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Association of statins, aspirin, and venous thromboembolism in women with endometrial cancer
Koji Matsuo a,b, , Marianne S. Hom a, Akira Yabuno c, Masako Shida d, Mamoru Kakuda e, Sosuke Adachi f, Rachel S. Mandelbaum a, Yutaka Ueda e, Kosei Hasegawa c, Takayuki Enomoto f, Mikio Mikami d, Lynda D. Roman a,b
a Division of Gynecologic Oncology, Department of Obstetrics and Gynecology, University of Southern California, Los Angeles, CA, USA
b Norris Comprehensive Cancer Center, University of Southern California, Los Angeles, CA, USA
c Department of Gynecologic Oncology, Saitama Medical University International Medical Center, Saitama, Japan
d Department of Obstetrics and Gynecology, Tokai University School of Medicine, Kanagawa, Japan
e Department of Obstetrics and Gynecology, Osaka University Graduate School of Medicine, Osaka, Japan
f Department of Obstetrics and Gynecology, Niigata University School of Medicine, Osaka, Japan
• Association of statins and VTE remains understudied in endometrial cancer.
• Statin use may be associated with decreased risk of VTE in endometrial cancer.
• Obese non-diabetic women may benefit from statin use to reduce VTE risk.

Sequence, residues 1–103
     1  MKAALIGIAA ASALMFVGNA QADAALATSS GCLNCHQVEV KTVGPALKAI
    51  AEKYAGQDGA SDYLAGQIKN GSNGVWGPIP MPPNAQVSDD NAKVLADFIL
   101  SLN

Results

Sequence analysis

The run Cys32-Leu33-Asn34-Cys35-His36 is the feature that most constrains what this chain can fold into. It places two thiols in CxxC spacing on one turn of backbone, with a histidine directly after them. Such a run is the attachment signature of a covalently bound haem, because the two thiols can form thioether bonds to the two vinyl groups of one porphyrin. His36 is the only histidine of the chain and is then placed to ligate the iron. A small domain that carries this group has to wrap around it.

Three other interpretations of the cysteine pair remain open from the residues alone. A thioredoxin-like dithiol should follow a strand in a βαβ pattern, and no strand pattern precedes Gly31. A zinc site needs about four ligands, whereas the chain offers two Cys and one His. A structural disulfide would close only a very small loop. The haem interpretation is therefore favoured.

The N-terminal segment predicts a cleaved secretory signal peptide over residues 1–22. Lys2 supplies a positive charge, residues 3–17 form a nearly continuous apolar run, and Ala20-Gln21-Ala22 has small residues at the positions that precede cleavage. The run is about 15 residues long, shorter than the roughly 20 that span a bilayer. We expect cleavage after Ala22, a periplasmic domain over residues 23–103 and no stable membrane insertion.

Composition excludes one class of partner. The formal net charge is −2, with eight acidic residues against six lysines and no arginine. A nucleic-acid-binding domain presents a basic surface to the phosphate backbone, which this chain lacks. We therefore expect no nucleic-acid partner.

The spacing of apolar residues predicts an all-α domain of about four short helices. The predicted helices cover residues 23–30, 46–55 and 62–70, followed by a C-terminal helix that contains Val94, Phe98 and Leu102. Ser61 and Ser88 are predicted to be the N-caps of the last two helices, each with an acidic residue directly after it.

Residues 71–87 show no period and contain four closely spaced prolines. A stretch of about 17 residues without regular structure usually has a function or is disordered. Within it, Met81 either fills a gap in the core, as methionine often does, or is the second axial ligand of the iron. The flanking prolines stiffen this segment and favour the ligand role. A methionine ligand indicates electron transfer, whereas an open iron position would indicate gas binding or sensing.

• Women with aggressive tumors may benefit from statin use to reduce VTE risk.
Hydroxymethylglutaryl-CoA reductase Inhibi-
Objective. The anti-thrombogenic effects of statins and aspirin have been reported in various malignancies but have not been well examined in endometrial cancer. This study examined the association between statin and/or aspirin use and venous thromboembolism (VTE) risk in endometrial cancer. Methods. This is a multi-center retrospective study examining 2527 women with endometrial cancer be-tween 2000 and 2015. Statin and aspirin use at diagnosis was correlated to VTE risk during follow-up on multi-variable analysis.
Conclusion. Our study suggests aorta statin use may be associated with decreased risk of VTE in women with endometrial cancer.
Corresponding author at: Division of Gynecologic Oncology, Department of Obstetrics and Gynecology, University of Southern California, 2020 Zonal Avenue, IRD520, Los Angeles, CA 90033, USA.
E-mail address: [email protected] (K. Matsuo).
Endometrial cancer continues to be the most common gynecologic malignancy in the United States, with N63,000 women projected to be diagnosed in 2018 . Gynecologic malignancies are associated with an increased risk of venous thromboembolism (VTE) [2–5], and certain groups of women with endometrial cancer harbor a disproportionally high risk (N40%) . VTE can not only result in fatality due to pulmonary thrombosis but also in high treatment-related costs, decreased quality of life due to symptoms or treatment, and increased risk of treatment-related complications. VTE is also a surrogate marker for decreased sur-vival in endometrial cancer . Therefore, any efforts to reduce the risk of VTE will be useful.